To the leaders of two million Girl Scouts the name Juliette Gordon Low has all the special meaning which surrounds the founder of any idealistic movement. The official biography of Mrs. Low in early editions of the Girl Scout Handbook recounts that in 1912 when she returned to Georgia from England she telephoned a close friend:
"Come right over, Nina, I've got something for the girls of Savannah and all America and all the world and we are going to start it tonight." Start it she did, and the 1947 edition added: "The concept of 'One World' had taken shape in her lively mind many years before the phrase became common. She was one of the first true internationalists."
Local Scout executives with copies of the new Handbook must have been somewhat bewildered when in August, 1954, they received a twelve-page pamphlet ordering a number of changes in the text. Conspicuous among the "corrections" was the striking out of the "one world" and the "true internationalist" description of Mrs. Low's ideas. Substituted was the single sentence: "The concept of 'international friendship' had taken shape in her lively mind long before the phrase became familiar to everyone."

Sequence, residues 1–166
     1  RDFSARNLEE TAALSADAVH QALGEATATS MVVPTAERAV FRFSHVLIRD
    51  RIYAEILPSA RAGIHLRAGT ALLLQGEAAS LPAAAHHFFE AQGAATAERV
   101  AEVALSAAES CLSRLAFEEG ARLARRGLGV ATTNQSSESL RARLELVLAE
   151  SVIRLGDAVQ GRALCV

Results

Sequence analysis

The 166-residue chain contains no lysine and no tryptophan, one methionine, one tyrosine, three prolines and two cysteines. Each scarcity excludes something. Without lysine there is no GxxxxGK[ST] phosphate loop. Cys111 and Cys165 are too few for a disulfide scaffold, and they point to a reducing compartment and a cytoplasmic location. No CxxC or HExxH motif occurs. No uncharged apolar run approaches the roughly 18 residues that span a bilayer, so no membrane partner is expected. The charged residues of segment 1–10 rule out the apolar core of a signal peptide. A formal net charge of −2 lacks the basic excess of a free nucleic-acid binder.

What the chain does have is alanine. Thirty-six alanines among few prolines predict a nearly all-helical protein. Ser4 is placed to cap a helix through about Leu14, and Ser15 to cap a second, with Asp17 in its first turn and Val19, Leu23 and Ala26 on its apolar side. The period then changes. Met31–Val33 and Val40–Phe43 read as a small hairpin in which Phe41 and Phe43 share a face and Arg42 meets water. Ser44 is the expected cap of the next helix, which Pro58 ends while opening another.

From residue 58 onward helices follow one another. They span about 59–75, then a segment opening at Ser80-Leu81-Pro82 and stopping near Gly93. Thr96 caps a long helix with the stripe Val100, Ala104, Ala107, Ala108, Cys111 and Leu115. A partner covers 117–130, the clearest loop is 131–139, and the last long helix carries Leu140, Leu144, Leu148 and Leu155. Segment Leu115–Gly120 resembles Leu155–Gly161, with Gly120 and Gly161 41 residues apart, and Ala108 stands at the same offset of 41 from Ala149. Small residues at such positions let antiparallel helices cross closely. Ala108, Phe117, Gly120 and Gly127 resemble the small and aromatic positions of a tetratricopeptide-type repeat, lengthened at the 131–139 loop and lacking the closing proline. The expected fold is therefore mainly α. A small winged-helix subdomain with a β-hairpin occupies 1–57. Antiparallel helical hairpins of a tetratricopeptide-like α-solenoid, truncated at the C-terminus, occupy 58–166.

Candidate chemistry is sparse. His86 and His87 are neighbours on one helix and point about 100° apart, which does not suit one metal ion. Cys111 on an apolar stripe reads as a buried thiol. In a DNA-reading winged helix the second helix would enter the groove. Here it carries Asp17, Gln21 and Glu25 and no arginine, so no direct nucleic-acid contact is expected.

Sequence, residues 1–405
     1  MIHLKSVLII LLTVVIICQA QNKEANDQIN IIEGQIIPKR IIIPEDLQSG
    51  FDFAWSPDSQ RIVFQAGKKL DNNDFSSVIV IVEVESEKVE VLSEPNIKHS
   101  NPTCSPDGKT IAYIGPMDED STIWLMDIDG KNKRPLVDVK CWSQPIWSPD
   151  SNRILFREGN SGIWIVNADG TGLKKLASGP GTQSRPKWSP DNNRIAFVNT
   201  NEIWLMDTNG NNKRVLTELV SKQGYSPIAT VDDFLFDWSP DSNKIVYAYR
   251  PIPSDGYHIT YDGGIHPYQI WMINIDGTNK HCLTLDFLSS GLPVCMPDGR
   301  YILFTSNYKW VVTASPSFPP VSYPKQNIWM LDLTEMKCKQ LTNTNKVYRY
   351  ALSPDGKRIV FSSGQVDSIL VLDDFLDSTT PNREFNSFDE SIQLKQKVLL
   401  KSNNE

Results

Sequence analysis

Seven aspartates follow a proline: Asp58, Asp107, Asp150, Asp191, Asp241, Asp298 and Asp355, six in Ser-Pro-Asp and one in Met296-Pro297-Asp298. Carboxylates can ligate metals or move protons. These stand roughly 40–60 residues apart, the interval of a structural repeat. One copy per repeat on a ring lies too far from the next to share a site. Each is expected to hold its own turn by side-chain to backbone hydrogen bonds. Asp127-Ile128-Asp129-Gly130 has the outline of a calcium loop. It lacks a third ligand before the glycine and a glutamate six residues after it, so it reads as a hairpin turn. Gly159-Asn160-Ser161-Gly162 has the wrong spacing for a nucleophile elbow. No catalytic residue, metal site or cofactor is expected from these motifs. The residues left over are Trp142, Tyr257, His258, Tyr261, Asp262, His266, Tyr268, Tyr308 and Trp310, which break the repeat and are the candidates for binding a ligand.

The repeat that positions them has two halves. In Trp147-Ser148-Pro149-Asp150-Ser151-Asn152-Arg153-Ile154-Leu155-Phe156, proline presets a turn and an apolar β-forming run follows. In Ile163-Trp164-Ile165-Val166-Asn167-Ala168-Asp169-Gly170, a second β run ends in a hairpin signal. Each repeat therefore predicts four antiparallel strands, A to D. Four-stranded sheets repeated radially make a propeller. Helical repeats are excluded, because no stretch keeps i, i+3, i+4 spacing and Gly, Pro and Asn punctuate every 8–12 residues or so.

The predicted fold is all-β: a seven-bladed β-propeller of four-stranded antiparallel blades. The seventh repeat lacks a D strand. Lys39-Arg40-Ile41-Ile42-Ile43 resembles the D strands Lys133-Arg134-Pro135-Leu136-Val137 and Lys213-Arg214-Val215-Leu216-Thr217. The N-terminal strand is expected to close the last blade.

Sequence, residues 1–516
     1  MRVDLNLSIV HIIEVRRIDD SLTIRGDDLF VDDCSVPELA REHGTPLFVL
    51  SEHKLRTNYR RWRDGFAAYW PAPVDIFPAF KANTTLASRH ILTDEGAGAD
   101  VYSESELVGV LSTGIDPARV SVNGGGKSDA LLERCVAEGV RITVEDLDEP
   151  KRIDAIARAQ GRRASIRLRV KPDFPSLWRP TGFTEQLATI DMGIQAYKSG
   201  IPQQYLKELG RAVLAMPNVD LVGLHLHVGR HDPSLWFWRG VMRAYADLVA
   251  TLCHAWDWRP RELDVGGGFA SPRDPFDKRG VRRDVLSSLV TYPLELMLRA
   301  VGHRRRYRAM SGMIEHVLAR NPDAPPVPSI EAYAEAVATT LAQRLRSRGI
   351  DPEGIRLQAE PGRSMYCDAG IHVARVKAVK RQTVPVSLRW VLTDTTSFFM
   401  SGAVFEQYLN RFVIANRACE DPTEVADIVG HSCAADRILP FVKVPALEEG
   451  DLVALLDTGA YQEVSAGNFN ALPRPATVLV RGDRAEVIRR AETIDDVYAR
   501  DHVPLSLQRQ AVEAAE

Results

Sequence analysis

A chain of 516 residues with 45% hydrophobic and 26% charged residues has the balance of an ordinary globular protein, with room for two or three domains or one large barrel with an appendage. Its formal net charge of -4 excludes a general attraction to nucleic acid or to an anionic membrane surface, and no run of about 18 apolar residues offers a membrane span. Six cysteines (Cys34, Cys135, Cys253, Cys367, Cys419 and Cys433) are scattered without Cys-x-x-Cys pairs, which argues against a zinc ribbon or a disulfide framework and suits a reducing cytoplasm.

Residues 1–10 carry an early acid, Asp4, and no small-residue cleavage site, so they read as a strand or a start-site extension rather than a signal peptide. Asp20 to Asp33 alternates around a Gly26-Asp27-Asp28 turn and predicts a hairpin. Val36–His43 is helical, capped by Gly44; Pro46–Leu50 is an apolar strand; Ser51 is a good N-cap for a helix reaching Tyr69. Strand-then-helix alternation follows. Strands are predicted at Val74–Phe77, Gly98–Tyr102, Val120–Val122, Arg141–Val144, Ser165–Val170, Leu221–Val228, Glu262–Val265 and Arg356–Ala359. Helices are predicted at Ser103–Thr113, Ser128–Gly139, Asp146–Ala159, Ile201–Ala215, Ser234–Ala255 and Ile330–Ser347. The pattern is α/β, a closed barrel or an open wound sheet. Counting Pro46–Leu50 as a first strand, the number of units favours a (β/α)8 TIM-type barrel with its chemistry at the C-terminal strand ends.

This emergency pamphlet was the more confusing because an entirely new edition of the Handbook had been issued only eleven months before. Every six or seven years the Girl Scouts completely revise their manual. In between—ordinarily—the book remains the same during additional printings except for minor typographical corrections.